H.P. Lovecraft's Bride of Re-Animator
**/**** Image B+ Sound C Extras A-
starring Bruce Abbott, Claude Earl Jones, Fabiana Udenio, Jeffrey Combs
screenplay by Woody Keith and Rick Fry
directed by Brian Yuzna
by Bryant Frazer Bride of Re-Animator is surely one of the biggest missed opportunities in the history of franchise filmmaking. Stuart Gordon's 1985 classic Re-Animator wasn't a fluke--it had been lovingly developed over a number of years by Chicago native Gordon, who initially planned to make it with his Organic Theater buddies. When they demurred, it was just dumb luck that landed the project with producer Brian Yuzna at the genre sausage factory that was Hollywood's Empire International Pictures. The sequel, on the other hand, was developed as a directorial vehicle for Yuzna, who claims time constraints related to the financing precluded Gordon's participation. So screenwriters Rick Fry and Woody Keith, who wrote Yuzna's directorial debut, Society, hacked a new script together in a big hurry. The end result is hard to consider on its own merits because of the big question mark for Re-Animator fans: What could this have looked like if the original film's creative team had been in charge?
Bride putters along aimlessly for a long time, introducing very few new ideas to the Re-Animator universe without developing its characters or situations in any meaningful way. It benefits greatly from the presence of the fine character actor Jeffrey Combs, arguably the first film's most seamless special effect, while it suffers badly from the loss of Barbara Crampton, who helped ground Re-Animator's fantastical proceedings. But the last, latex-laden 15 minutes or so are appropriately nightmarish, and maybe as disturbing in their way as the notoriously gory homestretch of the original. The problem is that they exist in a vacuum and have little to do with the story, anemic as it is. The money men may well have been happy with this awkwardly shambling commercial exercise, yet mostly it's a tiny, timid echo of the momentous yowl that was Re-Animator.
After a promising but ultimately pointless prologue that has Herbert West (Combs) and his ex-roommate Dan Cain (Re-Animator's Bruce Abbott) working, for some reason, as medics in a South American civil war, both men return to Miskatonic University Hospital, where they quickly resume old habits, supplementing their day jobs as doctors with nighttime experiments in a secret basement lab. Fed up with West's obsession--West has progressed to revivifying individual body parts as opposed to entire corpses--Dan threatens to move out, but West dissuades him by procuring the preserved heart of Dan's dead girlfriend Meg, which he insists can be brought back to life inside a new body. He sets about stitching one together from multiple sources, though if Dan really is heartsick for Meg, he has a funny way of showing it: Before the picture's halfway point, he's busy making special sauce in the kitchen with an Italian number named Francesca (Fabiana Udenio, the future Alotta Fagina of Austin Powers). Further diffusing the focus from the ostensible post-mortem romance at its heart is the population of supporting players around the margins: a suspicious police detective; a patient in Dan's hospital ward; and the re-re-animated head of the first film's Dr. Hill, back from the (very) dead for no better reason than that returning actor David Gale needed work.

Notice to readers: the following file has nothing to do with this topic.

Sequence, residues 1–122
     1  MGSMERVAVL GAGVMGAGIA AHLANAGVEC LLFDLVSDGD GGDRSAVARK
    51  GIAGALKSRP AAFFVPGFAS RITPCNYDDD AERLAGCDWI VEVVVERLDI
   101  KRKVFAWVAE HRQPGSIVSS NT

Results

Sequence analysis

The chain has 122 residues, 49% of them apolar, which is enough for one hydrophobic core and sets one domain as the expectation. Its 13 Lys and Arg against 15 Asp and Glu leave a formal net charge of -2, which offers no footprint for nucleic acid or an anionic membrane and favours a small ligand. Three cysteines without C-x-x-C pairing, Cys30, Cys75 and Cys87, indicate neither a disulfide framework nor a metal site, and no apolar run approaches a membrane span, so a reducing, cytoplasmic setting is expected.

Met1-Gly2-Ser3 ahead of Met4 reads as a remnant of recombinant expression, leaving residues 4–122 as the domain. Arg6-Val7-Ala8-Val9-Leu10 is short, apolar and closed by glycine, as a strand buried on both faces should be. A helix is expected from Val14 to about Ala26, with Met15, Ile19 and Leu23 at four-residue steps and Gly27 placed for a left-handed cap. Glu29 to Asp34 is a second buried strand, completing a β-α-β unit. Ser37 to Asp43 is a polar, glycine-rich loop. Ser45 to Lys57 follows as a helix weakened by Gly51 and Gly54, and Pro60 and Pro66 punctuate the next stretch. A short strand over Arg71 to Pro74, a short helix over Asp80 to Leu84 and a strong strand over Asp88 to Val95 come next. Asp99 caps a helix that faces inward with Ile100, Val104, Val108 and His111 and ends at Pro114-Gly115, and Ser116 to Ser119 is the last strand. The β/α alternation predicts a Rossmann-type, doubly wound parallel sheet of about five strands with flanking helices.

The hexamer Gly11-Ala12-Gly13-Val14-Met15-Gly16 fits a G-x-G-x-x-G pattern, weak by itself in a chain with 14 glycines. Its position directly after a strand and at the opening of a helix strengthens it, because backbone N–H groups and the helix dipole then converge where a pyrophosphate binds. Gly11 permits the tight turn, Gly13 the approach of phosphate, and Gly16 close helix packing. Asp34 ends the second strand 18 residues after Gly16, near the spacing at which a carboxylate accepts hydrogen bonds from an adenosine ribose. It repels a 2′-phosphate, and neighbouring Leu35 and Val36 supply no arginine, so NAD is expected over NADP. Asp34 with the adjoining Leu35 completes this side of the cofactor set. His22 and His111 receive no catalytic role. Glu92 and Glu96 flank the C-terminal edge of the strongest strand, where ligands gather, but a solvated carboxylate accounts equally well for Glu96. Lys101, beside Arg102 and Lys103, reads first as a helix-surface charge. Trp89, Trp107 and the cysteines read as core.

It turns out to be a good thing he's back, because Gale's brand of manic energy is in short supply here. ("Are we having fun yet?" he cries midway through the action climax; it's a really good question.) Fry and Keith work up a few daffy and diverting bits of comic excess--there's a stop-motion critter made of five severed fingers and an eyeball that makes trouble, and Hill's head eventually flies about, carried aloft on bat wings--that the FX guys execute as well as you could expect on a tiny budget, but the results are merely absurd rather than inspired. Bride of Re-Animator hasn't inherited its predecessor's way with words, nor does it show much interest in its outré psychosexual subtext. Yuzna has spent enough time on a set that he knows where to put a camera, and it surely helps that his DP, Rick Fichter, was an accomplished special-effects cameraman at ILM and elsewhere, but too much of the film is stiff. Although the dialogue between Combs and Abbott has some snap and crackle, other conversations unfold lifelessly, riddled by unnatural silences. A good example of the general malaise is the sex scene between Abbott and Udenio, which plays like everyone involved, including Yuzna, is doped up on cough syrup. If there were any clear directorial indication that the sense of discomfort was deliberate--that Dan is so wrecked by his lost love with Meg that he can only feign intimacy with another woman--it might be effective. But since Yuzna shoots it straight, complete with harps and violins on the soundtrack, it seems like everybody's just embarrassed.
Still, Yuzna knew how to get the money shots, and for the climactic burst of Grand Guignol he assembled a dream team of makeup effects artists comprising his Society collaborator Screaming Mad George along with Empire staple John Carl Buechler and the trio (Robert Kurtzman, Greg Nicotero, and Howard Berger) behind then-newly-formed KNB EFX Group. Buechler was in charge of Dr. Hill's head, and KNB created the Bride's corpse-body, replete with all manner of gooey accoutrements. It's George, though, who brings something special to the table, using prosthetics to build out disturbing examples of West's sewn-together corpses. The glimpses we get of them are disquieting, like something glimpsed through a peephole or put on display in a darkened carnival tent. I wouldn't say they leave you wanting more, exactly, but they're definitely creepy. While Re-Animator had a more explosive, confrontational, and cartoonish energy, the FX work here is, in its collision of the gothic and the surreal, not just uncanny in the usual sense--it also evokes that special something that Freud called the unheimlich. That inimitable brand of weirdness is a little shot of rejuvenating adrenaline, and it keeps Bride of Re-Animator from being an entirely stale sequel.
THE BLU-RAY DISC